|Guarded by||These are guarded internationally as they are universally accepted.||These are guarded by the constitution as they are country specific.|
|Enforcement Authority||Enforced by the organisation of the United Nations.||Enforced by the law of a specific country.|
Features Of Fundamental Rights In India
- Integral part of the Constitution
- Fundamental Rights have been made an integral part of the Constitution and hence cannot be taken away by ordinary legislation. Any law passed by any legislature in the country would be declared null and void if it is derogatory to the rights guaranteed by the Constitution.
- Protected by Constitution
- Fundamental Rights, unlike ordinary legal rights, are protected and guaranteed by the constitution of the country.
- Some of the rights are available only to the citizens while others are available to all persons whether citizens, foreigners or legal persons like corporations or companies.
- Not Sacrosanct, Permanent, or Absolute
- They are not sacrosanct or permanent and the Parliament can curtail or repeal them but only by a constitutional amendment act.
- The rights are not absolute but qualified.
- The state can impose reasonable restrictions on them, however, the reasonability of the restrictions is decided by the courts.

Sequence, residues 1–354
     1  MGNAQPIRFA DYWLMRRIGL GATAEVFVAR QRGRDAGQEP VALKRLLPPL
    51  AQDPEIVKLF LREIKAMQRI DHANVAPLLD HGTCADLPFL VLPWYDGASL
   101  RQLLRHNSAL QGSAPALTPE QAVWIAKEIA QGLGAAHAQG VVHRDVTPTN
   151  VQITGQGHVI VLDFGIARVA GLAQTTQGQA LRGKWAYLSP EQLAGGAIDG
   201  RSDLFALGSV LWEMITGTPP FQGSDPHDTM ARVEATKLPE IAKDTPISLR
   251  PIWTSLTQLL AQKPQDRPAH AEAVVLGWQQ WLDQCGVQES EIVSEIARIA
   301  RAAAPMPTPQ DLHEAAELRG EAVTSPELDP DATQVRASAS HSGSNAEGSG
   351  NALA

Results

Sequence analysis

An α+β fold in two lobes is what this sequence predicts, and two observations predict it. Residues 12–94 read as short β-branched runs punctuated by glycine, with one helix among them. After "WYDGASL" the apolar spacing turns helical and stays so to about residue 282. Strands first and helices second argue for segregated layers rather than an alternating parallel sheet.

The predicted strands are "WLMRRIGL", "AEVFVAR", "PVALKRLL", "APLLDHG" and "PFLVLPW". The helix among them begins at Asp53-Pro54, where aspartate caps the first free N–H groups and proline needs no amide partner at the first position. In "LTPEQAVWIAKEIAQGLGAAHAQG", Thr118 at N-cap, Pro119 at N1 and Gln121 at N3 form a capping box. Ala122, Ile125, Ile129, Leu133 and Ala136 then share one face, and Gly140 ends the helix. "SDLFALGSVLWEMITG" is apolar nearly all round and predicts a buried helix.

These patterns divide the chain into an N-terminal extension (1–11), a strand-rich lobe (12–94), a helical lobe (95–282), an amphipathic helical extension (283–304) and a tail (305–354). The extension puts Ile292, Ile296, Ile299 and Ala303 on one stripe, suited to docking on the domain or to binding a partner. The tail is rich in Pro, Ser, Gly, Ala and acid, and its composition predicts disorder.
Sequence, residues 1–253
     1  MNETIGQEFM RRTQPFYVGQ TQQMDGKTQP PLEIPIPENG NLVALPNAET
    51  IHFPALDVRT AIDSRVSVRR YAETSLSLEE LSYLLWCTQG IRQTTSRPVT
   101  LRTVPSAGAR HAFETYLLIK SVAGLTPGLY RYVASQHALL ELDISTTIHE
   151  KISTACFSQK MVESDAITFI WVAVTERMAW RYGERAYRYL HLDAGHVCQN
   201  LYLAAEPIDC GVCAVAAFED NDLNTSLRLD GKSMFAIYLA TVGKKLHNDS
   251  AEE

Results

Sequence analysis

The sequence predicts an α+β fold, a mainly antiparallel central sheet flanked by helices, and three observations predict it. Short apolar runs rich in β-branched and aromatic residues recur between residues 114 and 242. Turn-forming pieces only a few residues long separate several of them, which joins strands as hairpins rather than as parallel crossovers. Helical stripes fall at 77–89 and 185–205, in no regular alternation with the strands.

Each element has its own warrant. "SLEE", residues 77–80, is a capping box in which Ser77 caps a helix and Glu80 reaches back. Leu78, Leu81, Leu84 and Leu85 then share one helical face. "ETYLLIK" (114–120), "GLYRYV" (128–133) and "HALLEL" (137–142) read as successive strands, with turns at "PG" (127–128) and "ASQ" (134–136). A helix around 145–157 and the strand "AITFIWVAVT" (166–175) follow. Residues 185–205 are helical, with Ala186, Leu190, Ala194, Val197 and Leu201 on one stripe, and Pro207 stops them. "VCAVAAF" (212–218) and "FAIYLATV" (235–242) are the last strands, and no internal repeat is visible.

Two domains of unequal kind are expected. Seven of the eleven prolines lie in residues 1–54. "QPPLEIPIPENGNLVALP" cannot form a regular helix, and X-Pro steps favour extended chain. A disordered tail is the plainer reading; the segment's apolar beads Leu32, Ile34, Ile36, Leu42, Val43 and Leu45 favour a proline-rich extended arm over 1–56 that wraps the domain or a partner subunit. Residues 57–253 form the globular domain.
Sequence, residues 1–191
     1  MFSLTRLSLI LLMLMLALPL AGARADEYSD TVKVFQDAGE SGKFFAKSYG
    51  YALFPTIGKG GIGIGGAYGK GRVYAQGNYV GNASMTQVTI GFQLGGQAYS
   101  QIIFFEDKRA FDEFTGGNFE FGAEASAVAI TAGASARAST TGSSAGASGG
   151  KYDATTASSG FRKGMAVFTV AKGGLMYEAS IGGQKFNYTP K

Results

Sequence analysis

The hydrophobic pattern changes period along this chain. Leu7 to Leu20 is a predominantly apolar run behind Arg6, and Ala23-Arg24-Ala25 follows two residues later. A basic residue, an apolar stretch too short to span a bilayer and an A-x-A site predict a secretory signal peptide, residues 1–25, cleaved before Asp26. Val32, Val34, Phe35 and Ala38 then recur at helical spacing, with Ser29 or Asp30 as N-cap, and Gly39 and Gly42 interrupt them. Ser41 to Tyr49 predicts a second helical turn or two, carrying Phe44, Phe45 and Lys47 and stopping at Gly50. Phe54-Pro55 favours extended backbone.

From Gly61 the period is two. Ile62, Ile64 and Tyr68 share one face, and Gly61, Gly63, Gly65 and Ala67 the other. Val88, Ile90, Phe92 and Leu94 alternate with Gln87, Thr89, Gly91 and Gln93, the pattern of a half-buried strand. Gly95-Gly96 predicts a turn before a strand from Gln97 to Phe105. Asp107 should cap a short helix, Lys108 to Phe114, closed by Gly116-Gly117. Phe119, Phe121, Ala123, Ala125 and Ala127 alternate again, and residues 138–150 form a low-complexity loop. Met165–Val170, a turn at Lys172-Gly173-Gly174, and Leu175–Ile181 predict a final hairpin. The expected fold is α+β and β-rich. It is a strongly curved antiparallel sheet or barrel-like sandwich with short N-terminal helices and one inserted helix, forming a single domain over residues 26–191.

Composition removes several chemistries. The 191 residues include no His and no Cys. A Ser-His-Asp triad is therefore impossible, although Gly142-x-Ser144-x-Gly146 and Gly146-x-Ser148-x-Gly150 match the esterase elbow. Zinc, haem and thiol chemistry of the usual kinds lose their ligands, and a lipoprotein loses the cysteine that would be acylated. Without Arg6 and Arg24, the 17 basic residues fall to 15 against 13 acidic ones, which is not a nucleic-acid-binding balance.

- They are Justiciable
- The rights are justiciable and allow persons to move the courts for their enforcement, if and when they are violated.
- Any aggrieved person can directly go to the Supreme Court in case of violation of any fundamental right.
- Suspension of Rights
- The rights can be suspended during the operation of a National Emergency except the rights guaranteed by Articles 20 and 21.
- Further, the six rights guaranteed by Article 19 can be suspended only when there is an external emergency war or external aggression) [and not on the ground of armed rebellion (i.e., internal emergency].
- Restriction of Laws
- Their application to the members of armed forces, paramilitary forces, police forces, intelligence agencies and analogous services can be restricted or abrogated by the Parliament (Article 33).
- Their application can be restricted while martial law (military rule imposed under abnormal circumstances) is in force in any area.